The High Hedges (Scotland) Act 2013 is not working in practice for many of the people it was intended to help, a Holyrood committee was told yesterday.

MSPs on the Local Government & Communities Committee were hearing evidence on the effectiveness of the legislation, which has now been in force for three years. It allows home owners and occupiers to apply to a local authority to take action against hedges over two metres tall on neighbouring land, and which block out light, if they have tried all reasonable means to resolve the issue themselves.

However some witnesses said they felt that certain aurthorities were looking for excuses not to take up cases. Complaints were made over trees being deemed not to meet the definition of a hedge, fees that reach £500 in some cases and the absence of an appeal system.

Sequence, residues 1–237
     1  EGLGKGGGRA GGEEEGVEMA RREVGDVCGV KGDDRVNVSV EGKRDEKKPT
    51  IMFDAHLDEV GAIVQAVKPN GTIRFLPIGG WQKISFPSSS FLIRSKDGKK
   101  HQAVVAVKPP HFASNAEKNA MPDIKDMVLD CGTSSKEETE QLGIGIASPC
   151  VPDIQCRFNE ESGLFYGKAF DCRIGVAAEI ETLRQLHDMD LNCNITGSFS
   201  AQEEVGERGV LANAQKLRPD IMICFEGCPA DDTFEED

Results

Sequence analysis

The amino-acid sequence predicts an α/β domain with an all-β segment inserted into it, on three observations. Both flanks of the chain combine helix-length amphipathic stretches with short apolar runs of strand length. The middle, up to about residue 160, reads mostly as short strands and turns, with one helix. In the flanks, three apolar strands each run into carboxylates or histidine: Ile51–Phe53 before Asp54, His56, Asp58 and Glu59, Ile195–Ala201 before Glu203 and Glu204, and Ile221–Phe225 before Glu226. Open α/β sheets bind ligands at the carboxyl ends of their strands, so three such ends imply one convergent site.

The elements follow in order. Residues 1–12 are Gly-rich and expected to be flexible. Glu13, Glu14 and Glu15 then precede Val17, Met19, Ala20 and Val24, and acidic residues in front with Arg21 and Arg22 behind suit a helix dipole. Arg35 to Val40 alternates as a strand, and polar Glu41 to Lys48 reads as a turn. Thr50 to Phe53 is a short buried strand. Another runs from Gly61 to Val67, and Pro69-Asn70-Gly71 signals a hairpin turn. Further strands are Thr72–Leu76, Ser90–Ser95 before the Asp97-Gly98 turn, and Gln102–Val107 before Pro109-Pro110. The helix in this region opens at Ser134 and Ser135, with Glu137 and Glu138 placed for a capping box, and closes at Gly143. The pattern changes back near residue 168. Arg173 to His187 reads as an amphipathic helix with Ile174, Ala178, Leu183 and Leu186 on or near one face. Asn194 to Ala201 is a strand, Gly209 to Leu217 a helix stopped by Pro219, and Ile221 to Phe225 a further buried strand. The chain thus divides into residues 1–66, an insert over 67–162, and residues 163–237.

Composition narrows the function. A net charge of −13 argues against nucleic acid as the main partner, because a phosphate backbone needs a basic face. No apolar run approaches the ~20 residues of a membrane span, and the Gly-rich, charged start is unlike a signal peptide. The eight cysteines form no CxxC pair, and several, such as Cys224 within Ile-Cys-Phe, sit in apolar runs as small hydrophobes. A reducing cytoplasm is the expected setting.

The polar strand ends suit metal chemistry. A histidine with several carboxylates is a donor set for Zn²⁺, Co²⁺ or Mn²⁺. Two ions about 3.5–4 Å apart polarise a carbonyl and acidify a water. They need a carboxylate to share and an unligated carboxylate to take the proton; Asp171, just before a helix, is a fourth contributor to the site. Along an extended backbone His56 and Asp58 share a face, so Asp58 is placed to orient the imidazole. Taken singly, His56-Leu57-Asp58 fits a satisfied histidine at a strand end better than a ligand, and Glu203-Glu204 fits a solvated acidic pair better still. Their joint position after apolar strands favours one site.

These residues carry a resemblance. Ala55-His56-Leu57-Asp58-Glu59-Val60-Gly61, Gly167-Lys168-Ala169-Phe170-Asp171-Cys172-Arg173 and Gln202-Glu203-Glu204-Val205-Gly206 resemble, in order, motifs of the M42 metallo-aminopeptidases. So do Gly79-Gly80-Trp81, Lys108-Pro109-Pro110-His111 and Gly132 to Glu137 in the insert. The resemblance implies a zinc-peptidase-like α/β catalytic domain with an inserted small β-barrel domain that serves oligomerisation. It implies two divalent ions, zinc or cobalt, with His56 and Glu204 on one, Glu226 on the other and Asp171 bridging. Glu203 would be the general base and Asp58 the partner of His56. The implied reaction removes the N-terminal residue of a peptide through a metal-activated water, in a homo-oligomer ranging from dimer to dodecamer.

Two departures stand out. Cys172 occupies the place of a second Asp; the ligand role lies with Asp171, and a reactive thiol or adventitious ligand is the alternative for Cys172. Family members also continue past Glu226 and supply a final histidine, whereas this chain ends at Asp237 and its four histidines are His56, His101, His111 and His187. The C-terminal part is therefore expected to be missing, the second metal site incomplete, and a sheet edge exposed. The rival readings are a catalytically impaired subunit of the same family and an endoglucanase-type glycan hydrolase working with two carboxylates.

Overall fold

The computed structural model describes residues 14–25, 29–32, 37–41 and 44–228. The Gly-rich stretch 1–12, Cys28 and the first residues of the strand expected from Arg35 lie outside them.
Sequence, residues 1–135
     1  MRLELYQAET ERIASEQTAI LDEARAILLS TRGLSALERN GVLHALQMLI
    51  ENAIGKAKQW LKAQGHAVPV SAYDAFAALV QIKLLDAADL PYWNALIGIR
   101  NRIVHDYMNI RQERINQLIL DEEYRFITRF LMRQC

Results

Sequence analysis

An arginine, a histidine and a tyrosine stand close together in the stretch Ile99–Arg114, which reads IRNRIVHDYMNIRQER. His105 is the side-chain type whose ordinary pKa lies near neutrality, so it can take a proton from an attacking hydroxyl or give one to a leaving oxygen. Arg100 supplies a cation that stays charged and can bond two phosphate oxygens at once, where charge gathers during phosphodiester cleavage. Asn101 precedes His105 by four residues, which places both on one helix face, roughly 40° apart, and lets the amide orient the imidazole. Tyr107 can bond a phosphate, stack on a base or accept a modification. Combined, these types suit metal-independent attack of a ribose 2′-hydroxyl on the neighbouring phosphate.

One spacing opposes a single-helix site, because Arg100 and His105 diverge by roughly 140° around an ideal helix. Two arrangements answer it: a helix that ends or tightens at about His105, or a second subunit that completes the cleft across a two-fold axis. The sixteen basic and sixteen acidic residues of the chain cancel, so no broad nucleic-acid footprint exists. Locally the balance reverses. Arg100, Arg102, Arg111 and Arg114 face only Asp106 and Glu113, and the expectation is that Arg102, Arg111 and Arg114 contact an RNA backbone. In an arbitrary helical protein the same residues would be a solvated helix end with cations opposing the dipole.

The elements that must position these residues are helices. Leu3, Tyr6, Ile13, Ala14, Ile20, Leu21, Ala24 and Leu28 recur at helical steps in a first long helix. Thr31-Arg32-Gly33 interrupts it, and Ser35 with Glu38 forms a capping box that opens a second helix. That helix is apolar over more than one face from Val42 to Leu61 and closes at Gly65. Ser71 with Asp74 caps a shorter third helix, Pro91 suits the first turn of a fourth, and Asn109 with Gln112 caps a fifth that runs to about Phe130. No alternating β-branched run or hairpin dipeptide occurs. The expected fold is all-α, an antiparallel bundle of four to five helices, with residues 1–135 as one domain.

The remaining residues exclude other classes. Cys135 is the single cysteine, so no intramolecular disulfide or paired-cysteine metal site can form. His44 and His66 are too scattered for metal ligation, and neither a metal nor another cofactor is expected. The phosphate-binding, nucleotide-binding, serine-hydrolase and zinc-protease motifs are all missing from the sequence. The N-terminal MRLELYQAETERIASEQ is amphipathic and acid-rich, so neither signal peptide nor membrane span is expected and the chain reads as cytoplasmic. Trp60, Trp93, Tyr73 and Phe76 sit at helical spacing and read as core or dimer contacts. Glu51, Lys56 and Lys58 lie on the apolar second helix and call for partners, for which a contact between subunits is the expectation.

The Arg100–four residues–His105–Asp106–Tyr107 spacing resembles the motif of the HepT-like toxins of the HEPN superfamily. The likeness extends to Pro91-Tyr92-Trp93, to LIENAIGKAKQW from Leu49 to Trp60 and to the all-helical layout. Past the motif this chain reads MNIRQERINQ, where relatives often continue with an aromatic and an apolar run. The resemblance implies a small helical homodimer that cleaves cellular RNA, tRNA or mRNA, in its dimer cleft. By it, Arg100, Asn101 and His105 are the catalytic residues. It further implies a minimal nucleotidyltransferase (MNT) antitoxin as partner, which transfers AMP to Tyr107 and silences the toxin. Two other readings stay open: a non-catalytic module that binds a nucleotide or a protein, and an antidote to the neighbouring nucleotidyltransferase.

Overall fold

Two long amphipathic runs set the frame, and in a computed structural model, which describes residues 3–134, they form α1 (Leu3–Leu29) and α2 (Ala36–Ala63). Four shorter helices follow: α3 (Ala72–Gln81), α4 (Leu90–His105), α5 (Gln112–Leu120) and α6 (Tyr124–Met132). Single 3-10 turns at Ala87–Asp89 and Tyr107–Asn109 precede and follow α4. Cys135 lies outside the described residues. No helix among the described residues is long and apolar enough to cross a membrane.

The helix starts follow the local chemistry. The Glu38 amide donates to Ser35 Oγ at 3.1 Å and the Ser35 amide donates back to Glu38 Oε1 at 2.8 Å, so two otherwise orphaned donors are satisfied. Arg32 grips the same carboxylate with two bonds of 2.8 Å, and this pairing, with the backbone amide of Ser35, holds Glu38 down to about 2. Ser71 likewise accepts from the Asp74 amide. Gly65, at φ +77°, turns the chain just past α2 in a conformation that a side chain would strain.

"I think the law has no teeth, and the reason, I don't think there's a sinister plot by councils, I think it's just that cutting down a high hedge is expensive", said John Bolbot of Alva, who even claimed his marriage had broken down over stress caused by a neighbour's hedge that was 44m long and up to 13m high. Despite a notice having been served last July, the hedge was still in place.

Campaign group Scothedge said there had been some successes under the Act, but tighter definitions were needed, including a right to light in the home and garden, to prevent "subjective" interpretations being applied. There were "serious loopholes" due to loose wording in the guidelines.